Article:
Related posts:

  1. Dan McDonnell on Twitter Etiquette and Data Archiving
  2. Stephanie Evergreen on Project Management Tools
  3. GEDI Week: D. Pearl Barnett on Cultural Responsiveness in a Representative Bureaucracy

Jordan Slice on How Being a Creator Informs Being an Evaluator

American Evaluation Association 365 Blog - Mon, 04/14/2014 - 01:58

Greetings to my fellow #DataNerds! My name is Jordan Slice. I am a Research Specialist at Richland One, an urban school district in Columbia, South Carolina. In addition to being a full-time evaluator, I create handmade pieces for my Etsy shop, resliced.

As a handmade business owner, many of the sales I make are custom orders. People really appreciate when something is tailored to meet their needs. The same is true for evaluation stakeholders: your results are much more likely to be appreciated (and used!) if they answer the questions your stakeholders need to know.

Lesson Learned: Whether I’m making a custom purse (that’s one of my bags to the right) or designing a program evaluation, clear communication is key. For example, if a customer sends me her grandfather’s favorite shirt and requests that I make her a purse using the fabric, it is imperative that we come to a clear agreement about the design of the purse before I start constructing. Similarly, when evaluating a program, it is imperative that you consult with the stakeholders before developing your evaluation if you expect the results to be utilized.

Hot Tip: Keep it simple. While you and I may love geek speak, flooding your stakeholders with evaluation jargon may impair their ability to understand your results. Whether you are talking with stakeholders, constructing a presentation, or writing a report, commit to the mantra that less is more. Once I gather my summary in writing, I use a two step revision process. First, I focus on organizing the content for better flow. Second, I put on my minimalist cap and cut out all the excess fluff (usually repetitive statements or unnecessary detail). Before finalizing any report, always ask a colleague (or stakeholder when appropriate) to proof and provide feedback. I employ the same technique when I am building newsletters (Rad Resource: Mail Chimp – free & user-friendly!) or item listings on Etsy.

Rad Resource: Stephanie Evergreen has some really great posts (like this one!) on her blog with tips for creating better visualizations with your data.

Another Hot Tip: Allow yourself time to focus on something creative (even just a daydream) several times a week. This can give your mind the break it needs to process information and improve your focus. Pursue a new hobby or build on an existing interest. You may be surprised at how this new skill can help you grow as an evaluator.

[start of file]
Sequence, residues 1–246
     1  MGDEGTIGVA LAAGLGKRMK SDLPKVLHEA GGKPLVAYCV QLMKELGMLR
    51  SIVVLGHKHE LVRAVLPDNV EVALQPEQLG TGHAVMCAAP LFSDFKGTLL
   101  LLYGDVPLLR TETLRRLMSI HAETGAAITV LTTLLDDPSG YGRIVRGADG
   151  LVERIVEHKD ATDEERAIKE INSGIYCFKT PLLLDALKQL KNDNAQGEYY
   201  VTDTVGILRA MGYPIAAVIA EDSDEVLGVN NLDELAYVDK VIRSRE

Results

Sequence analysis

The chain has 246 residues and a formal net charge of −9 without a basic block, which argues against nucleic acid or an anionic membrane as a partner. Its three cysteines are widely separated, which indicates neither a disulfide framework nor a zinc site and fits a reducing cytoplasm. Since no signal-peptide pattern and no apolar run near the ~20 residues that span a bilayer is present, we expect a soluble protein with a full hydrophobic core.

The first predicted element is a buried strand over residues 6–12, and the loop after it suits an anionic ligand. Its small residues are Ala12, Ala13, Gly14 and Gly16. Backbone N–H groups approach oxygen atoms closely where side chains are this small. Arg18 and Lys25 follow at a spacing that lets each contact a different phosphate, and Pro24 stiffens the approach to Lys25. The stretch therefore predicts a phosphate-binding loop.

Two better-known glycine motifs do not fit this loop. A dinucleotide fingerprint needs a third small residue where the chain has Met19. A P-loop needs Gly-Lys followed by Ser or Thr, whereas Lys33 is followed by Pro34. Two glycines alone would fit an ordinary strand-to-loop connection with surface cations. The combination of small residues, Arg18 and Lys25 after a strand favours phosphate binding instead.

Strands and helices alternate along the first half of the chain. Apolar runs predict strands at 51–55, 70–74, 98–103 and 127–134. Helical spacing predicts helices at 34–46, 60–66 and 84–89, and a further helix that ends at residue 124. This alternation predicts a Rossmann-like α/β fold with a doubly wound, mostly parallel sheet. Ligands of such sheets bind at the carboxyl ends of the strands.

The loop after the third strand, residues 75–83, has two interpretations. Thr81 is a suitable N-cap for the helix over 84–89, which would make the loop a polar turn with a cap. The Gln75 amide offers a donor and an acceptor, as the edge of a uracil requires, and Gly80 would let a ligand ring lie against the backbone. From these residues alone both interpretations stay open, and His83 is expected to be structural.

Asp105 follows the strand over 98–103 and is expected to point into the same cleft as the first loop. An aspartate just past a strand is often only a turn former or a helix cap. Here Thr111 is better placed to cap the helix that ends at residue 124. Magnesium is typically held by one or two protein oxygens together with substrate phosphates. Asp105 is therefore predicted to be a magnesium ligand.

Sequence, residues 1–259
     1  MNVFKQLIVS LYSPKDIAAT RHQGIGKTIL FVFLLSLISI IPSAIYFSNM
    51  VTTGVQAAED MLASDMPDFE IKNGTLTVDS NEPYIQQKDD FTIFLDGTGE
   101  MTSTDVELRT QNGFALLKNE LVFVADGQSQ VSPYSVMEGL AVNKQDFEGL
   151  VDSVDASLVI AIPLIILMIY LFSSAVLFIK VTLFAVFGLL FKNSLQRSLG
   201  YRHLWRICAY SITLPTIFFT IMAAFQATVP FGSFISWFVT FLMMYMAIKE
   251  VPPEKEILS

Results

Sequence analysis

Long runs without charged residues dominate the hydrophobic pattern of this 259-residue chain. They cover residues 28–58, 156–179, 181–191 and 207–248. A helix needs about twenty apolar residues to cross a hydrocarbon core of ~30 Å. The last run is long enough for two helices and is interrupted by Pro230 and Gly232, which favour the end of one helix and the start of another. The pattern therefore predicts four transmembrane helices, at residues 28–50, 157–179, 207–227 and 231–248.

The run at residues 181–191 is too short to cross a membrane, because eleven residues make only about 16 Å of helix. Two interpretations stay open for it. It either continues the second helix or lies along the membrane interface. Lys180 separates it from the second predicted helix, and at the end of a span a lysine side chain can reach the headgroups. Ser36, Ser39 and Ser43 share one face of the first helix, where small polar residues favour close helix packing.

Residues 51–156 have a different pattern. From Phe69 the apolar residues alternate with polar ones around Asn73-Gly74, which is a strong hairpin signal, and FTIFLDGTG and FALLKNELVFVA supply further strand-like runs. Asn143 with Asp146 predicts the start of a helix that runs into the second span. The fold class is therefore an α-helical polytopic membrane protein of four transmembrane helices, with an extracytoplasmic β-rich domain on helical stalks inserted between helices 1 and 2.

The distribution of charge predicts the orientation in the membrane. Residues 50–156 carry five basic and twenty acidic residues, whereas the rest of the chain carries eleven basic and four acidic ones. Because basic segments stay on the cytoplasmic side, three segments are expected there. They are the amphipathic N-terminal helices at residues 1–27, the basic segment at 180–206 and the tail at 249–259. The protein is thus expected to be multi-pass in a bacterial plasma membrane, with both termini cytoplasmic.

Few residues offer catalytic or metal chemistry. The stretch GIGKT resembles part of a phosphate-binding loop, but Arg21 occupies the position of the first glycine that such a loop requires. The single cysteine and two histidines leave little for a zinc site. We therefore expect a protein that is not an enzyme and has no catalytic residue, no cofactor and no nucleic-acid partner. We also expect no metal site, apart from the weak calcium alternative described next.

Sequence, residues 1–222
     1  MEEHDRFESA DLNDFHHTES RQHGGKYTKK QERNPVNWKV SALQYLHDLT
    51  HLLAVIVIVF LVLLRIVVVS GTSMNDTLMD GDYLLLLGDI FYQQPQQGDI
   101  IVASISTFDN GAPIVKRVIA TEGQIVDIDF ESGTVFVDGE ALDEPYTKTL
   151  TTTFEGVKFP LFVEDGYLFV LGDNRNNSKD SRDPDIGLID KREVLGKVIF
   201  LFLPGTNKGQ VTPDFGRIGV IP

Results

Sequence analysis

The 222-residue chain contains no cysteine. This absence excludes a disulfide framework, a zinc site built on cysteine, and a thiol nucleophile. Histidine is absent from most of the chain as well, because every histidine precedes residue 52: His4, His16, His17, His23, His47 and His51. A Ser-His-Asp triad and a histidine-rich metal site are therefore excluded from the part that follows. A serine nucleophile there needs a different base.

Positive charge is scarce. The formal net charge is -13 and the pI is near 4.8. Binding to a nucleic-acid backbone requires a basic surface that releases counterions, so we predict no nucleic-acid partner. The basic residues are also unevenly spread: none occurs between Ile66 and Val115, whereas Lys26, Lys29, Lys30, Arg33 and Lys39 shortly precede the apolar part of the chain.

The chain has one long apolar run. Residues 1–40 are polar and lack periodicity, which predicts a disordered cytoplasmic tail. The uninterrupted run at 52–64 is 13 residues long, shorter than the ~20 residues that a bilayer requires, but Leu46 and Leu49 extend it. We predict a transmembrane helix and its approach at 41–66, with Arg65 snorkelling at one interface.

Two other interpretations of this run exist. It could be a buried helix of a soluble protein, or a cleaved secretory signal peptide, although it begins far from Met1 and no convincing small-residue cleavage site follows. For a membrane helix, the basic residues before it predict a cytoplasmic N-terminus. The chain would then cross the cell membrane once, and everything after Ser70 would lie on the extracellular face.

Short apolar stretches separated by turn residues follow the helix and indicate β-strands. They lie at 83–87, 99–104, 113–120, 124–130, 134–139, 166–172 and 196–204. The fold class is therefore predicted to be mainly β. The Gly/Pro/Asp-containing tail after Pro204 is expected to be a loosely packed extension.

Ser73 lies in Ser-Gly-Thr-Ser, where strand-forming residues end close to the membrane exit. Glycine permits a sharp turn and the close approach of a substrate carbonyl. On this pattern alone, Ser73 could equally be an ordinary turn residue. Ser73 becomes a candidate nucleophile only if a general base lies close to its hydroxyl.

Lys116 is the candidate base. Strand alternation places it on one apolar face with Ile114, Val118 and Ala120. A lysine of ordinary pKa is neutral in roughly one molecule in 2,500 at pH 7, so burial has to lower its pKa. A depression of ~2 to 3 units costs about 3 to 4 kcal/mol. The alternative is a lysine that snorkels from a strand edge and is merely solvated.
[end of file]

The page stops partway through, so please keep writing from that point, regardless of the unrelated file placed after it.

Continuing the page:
Do you have questions, concerns, kudos, or content to extend this aea365 contribution? Please add them in the comments section for this post on the aea365 webpage so that we may enrich our community of practice. Would you like to submit an aea365 Tip? Please send a note of interest to aea365@eval.org. aea365 is sponsored by the American Evaluation Association and provides a Tip-a-Day by and for evaluators.

Related posts:

  1. Paul Watkins on Itemized Report-Writing Template
  2. Judith Kallick Russell on Translating Findings Into Action
  3. Stephanie Evergreen on Project Management Tools

Kylie Hutchinson on The Ever Expanding Evaluator’s Toolbox

American Evaluation Association 365 Blog - Sun, 04/13/2014 - 05:34

My name is Kylie Hutchinson.  I am an independent evaluation consultant with Community Solutions Planning & Evaluation.  In addition to evaluation consulting and capacity building, I tweet at @EvaluationMaven and co-host the monthly evaluation podcast, Adventures in Evaluation along with my colleague @JamesWCoyle.

When I started out in evaluation 26 years ago, I was focused on being a good methodologist and statistician.  After deciding to work primarily with NGOs I learned the importance of being a good program planner.  Employing a participatory approach required me to become a competent facilitator and consensus-builder.  These days, the increased emphasis on utilization and data visualization is forcing me to upgrade my skills in communications and graphic design.  New developments in mobile data collection are making me improve my technical skills.  A recent foray into development evaluation has taught me the important role that a knowledge manager plays in evaluation. Finally, we are starting to understand evaluation capacity development as a process rather than a product, so now I need expertise in organizational development, change management, and the behavioral sciences.  Whoa.